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Report: Indiana Farmers Planted More Cover Crops than Ever


Friday, July 9, 2021   

INDIANAPOLIS -- There's good news for soil conservation efforts in a new survey by the Indiana Conservation Partnership: Farmers in the state planted roughly 1.5 million acres of cover crops this past year.

Cover crops, which can be grasses, turnips, brassicas, rye grass, or other plants, can help prevent soil erosion by anchoring roots in place and providing a food source for beneficial organisms. They can also reduce runoff from fields that leads to nutrient pollution in waterways.

Bruce Kettler, director of the Indiana State Department of Agriculture, hopes to see more cover crop acreage as the years go on.

"We're not carrying things like nitrogen and phosphorus off of those soils," Kettler explained. "We keep them on the field where our crops, whether it's corn, soybeans, wheat or other crops that we grow in Indiana, can benefit from it."

Kettler noted it is estimated cover crops prevented 1.6 million tons of sediment from entering Indiana waterways, including more than four million pounds of nitrogen and about two million pounds of phosphorus.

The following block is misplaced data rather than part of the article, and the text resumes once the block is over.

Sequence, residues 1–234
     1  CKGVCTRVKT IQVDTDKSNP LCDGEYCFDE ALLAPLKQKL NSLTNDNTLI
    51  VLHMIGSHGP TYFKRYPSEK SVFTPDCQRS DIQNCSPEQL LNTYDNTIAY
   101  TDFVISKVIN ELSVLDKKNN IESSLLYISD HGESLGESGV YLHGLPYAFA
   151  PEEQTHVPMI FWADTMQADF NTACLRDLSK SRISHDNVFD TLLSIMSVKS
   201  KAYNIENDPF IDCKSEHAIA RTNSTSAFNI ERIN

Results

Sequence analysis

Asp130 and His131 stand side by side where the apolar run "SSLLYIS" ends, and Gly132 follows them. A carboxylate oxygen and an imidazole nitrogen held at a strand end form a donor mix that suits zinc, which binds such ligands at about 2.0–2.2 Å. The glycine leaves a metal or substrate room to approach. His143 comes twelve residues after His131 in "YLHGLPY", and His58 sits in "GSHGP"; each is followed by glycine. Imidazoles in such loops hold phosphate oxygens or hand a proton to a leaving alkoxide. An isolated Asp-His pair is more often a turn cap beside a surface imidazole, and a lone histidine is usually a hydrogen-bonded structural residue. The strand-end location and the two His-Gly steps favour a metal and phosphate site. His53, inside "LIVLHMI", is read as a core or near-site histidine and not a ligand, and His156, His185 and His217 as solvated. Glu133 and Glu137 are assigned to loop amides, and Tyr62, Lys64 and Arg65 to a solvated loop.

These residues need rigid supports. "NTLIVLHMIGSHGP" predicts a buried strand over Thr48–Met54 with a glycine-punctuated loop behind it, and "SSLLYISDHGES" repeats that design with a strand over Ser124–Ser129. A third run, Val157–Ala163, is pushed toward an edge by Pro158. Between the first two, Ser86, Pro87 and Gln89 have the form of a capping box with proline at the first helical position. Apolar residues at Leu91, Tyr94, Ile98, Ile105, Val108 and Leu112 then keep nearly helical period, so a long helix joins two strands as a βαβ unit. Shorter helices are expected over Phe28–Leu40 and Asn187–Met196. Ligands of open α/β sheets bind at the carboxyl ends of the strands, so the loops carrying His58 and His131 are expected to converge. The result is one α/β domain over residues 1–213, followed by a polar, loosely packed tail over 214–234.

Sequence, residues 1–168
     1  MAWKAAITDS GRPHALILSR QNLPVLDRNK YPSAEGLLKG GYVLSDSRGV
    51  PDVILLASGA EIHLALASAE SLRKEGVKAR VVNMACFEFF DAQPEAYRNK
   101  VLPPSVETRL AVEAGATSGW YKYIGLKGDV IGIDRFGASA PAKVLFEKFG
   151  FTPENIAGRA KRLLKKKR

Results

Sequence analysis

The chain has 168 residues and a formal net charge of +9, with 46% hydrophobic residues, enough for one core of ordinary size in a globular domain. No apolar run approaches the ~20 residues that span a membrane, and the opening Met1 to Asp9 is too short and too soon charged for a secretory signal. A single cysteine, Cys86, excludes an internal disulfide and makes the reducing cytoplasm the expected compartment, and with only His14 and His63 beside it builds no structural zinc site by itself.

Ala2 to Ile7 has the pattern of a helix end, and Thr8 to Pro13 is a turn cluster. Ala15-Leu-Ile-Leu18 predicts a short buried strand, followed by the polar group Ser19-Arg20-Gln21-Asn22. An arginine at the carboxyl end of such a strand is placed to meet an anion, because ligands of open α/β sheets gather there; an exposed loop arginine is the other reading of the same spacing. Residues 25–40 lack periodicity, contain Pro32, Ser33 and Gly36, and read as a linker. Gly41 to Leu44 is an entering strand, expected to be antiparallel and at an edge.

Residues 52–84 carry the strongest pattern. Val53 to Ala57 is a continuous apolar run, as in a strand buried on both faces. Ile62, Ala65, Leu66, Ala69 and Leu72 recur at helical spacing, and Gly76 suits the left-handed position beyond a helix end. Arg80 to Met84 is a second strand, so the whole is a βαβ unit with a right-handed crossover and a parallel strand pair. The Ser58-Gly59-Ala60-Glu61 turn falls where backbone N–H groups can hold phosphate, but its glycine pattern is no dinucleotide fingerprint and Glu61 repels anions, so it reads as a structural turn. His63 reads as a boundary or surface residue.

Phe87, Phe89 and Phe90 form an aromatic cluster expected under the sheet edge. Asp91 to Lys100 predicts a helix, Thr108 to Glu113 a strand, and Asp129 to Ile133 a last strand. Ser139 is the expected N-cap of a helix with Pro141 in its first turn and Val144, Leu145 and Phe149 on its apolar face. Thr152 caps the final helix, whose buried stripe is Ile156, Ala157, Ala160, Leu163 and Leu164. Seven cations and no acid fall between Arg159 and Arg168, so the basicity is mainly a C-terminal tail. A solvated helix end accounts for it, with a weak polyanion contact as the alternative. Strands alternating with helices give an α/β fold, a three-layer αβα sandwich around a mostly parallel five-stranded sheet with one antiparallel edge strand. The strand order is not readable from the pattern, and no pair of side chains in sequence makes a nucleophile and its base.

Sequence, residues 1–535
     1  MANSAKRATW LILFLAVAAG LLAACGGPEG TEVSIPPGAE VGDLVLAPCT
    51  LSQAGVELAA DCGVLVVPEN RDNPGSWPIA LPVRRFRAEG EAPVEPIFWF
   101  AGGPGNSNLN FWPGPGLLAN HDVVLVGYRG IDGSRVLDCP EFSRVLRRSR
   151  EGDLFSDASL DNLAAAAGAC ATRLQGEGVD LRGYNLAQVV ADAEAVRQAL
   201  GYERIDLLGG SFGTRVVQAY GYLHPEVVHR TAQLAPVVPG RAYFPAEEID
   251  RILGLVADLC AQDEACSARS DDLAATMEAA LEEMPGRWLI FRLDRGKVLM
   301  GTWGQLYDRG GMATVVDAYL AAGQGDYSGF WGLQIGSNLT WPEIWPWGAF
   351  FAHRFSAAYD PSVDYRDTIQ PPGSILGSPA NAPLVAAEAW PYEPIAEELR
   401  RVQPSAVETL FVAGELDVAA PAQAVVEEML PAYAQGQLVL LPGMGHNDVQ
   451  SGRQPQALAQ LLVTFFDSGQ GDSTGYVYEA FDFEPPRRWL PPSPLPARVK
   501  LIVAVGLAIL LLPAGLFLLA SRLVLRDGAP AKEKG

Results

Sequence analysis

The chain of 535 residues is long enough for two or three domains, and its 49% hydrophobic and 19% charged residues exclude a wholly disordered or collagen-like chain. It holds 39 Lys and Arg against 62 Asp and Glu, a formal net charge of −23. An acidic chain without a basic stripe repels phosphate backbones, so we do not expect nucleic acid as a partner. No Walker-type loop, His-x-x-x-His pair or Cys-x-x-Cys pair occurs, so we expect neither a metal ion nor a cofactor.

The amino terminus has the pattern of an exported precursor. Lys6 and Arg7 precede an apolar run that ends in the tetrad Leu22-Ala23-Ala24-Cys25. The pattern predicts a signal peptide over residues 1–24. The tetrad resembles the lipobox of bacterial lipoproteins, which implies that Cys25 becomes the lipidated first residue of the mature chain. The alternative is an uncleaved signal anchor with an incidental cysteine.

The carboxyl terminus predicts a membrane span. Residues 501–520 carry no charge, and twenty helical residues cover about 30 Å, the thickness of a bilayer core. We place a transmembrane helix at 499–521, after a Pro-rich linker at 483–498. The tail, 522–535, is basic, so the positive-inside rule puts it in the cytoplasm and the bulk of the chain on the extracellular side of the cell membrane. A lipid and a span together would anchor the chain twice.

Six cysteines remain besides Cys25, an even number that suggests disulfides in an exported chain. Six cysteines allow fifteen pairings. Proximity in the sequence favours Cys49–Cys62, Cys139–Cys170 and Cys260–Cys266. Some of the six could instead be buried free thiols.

Drinking water with high nitrate levels can increase risk for what's known as "blue baby syndrome," and is linked to some cancers and thyroid conditions.

Kettler pointed out as weather patterns have changed in recent years, the issue of sequestering carbon in the soil has greater significance for farmers, and cover crops also help protect the soil in planted fields from washing away when there's too much rain.

"You can talk to about any farmer that's been around for a long time, and they'll tell you that things have changed," Kettler observed. "They really have the opportunity here with things like cover crops, reduced tillage, maybe no tillage in some cases, strip tillage, there's a renewed interest in that."

He added the amount of sediment kept in the soil in the last year could fill more than 450 Olympic-sized swimming pools.

The report said cover crops covered more acres than any other commodity crop, with the exception of corn and soybeans.

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